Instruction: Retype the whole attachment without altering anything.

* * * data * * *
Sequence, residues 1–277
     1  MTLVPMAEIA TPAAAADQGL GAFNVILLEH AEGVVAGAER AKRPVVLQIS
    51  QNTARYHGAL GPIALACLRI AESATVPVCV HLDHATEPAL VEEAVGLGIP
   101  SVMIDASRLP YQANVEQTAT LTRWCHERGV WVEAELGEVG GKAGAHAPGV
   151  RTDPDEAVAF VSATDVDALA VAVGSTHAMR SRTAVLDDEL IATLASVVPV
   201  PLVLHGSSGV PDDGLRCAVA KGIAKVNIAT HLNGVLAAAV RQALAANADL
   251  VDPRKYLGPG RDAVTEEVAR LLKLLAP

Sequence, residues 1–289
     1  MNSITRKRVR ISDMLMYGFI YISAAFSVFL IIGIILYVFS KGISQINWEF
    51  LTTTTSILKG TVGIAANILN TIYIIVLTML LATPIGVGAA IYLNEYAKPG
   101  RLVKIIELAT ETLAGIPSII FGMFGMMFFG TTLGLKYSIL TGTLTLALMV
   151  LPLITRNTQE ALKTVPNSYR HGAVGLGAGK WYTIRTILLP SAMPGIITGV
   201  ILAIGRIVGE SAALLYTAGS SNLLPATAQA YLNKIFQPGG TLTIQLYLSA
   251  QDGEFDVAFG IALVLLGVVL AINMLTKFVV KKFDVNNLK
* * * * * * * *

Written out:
Sequence, residues 1–277
     1  MTLVPMAEIA TPAAAADQGL GAFNVILLEH AEGVVAGAER AKRPVVLQIS
    51  QNTARYHGAL GPIALACLRI AESATVPVCV HLDHATEPAL VEEAVGLGIP
   101  SVMIDASRLP YQANVEQTAT LTRWCHERGV WVEAELGEVG GKAGAHAPGV
   151  RTDPDEAVAF VSATDVDALA VAVGSTHAMR SRTAVLDDEL IATLASVVPV
   201  PLVLHGSSGV PDDGLRCAVA KGIAKVNIAT HLNGVLAAAV RQALAANADL
   251  VDPRKYLGPG RDAVTEEVAR LLKLLAP

Sequence, residues 1–289
     1  MNSITRKRVR ISDMLMYGFI YISAAFSVFL IIGIILYVFS KGISQINWEF
    51  LTTTTSILKG TVGIAANILN TIYIIVLTML LATPIGVGAA IYLNEYAKPG
   101  RLVKIIELAT ETLAGIPSII FGMFGMMFFG TTLGLKYSIL TGTLTLALMV
   151  LPLITRNTQE ALKTVPNSYR HGAVGLGAGK WYTIRTILLP SAMPGIITGV
   201  ILAIGRIVGE SAALLYTAGS SNLLPATAQA YLNKIFQPGG TLTIQLYLSA
   251  QDGEFDVAFG IALVLLGVVL AINMLTKFVV KKFDVNNLK